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The LAM Story told by Francis Collins, MD, PhD, Director of the NIH

Director of the NIH, Francis Collins, MD, PhD, opens a Rare Disease Day Conference at the NIH with the story about how the LAM Community came together to lead the way to the FDA approval of Rapamune for the treatment of LAM.

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Tags: NIH Rare Disease Day

A new function of mTOR with implications for LAM cell growth and, perhaps, treatment

In an ongoing series of studies in our lab over the past 4 years, funded in part by a generous LAM Foundation Postdoctoral Fellowship to Issam, we set out to define the metabolic changes that occur when mTOR is activated both physiologically in normal cells and pathologically, upon loss of function of the tuberous sclerosis complex (TSC) genes, which underlies the development of LAM. These studies, which Issam lead in collaboration with two other postdoctoral fellows from the lab, Jessica Howell and Gerta Hoxhaj, made an important new discovery regarding the cellular functions of mTOR that contribute to its role in promoting cell growth. In two separate papers in Science1, 2, the most recent being published this February, we describe two previously unknown functions for mTOR that stimulate the synthesis of nucleotides, the building blocks for our genetic material RNA and DNA.

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Something New to Learn Every Year at LAMposium


Every woman has a story about her path to a LAM diagnosis. My story actually began with a diagnosis of mononucleosis. In late 2011, I was feeling so tired and weak that I could barely stand up. After a series of blood tests, my doctor sent me to the hospital, but the ER sent me home after the mono diagnosis. At age 48, jokes ensued.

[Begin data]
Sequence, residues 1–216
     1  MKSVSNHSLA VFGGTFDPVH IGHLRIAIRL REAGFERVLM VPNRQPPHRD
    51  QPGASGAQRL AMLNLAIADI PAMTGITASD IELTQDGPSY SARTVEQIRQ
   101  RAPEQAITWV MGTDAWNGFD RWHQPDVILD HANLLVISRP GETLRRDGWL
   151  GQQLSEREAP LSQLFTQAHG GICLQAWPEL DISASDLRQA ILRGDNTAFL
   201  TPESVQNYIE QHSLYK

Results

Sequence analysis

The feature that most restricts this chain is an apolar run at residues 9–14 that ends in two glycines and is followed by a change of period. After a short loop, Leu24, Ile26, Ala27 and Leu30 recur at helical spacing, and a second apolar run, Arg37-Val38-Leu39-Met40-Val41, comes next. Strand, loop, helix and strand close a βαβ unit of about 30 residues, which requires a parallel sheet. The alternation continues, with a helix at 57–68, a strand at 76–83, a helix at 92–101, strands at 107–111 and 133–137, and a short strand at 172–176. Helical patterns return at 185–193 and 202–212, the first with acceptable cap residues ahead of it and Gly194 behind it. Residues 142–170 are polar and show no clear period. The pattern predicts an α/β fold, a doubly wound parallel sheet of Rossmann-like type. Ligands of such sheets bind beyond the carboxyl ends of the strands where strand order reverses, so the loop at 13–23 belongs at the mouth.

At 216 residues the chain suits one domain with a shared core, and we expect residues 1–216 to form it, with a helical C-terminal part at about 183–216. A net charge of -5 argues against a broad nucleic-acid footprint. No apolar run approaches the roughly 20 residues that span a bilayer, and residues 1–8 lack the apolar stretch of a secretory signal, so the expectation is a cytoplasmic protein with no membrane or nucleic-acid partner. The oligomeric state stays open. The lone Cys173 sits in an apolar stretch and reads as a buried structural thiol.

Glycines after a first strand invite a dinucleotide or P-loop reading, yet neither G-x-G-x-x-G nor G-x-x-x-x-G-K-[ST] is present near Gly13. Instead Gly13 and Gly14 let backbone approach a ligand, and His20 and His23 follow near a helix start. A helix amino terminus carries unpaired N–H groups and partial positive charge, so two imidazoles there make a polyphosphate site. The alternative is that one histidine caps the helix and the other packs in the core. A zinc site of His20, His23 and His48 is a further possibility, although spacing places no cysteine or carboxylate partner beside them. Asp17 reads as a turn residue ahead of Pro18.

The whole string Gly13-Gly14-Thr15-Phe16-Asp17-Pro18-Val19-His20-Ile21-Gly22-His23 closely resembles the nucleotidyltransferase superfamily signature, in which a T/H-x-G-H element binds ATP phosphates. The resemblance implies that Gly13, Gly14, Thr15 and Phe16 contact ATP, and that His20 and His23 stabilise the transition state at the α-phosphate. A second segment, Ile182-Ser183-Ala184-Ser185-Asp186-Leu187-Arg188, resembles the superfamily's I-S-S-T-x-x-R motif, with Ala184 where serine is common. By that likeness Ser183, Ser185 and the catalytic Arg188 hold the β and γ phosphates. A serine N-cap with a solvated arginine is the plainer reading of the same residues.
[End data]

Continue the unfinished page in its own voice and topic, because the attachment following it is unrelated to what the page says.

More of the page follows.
But my doctor was convinced something additional was wrong, and after further testing and consultation with an endocrinologist, he diagnosed me with adrenal insufficiency, aka Addison’s disease. The abdomen CT he had ordered showed some lung nodules that he wanted to re-check in three months.

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ATAQ-LAM, a LAM Specific Quality Of Life Instrument


I don’t need to tell you what it’s like to live with LAM (or live with someone affected by LAM)—you’re the experts on that topic. Drawing on that expertise has created the underpinnings of my research program: go to the experts to try to more fully understand how a chronic respiratory disease affects patients (and their loved ones). It is only through such understanding that we—as clinicians and researchers—are able to try to devise strategies to lessen the negative effects these diseases have on how patients feel and how they function.

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FDA Approved Therapy for LAM in Less Than a (20 Year) Decade

The FDA-approved sirolimus for use in patients with LAM on May 28, 2015, almost exactly 20 years after The LAM Foundation was founded. The informal tag line for the Foundation back then was ‘an effective treatment in under a decade’, and the Board’s tongue-in-cheek position was that we could ‘use our own discretion’ to decide when the decade started. I am still not sure when the start date was, but I think we can assign the end date for the first effective treatment for LAM as May 28, 2015.

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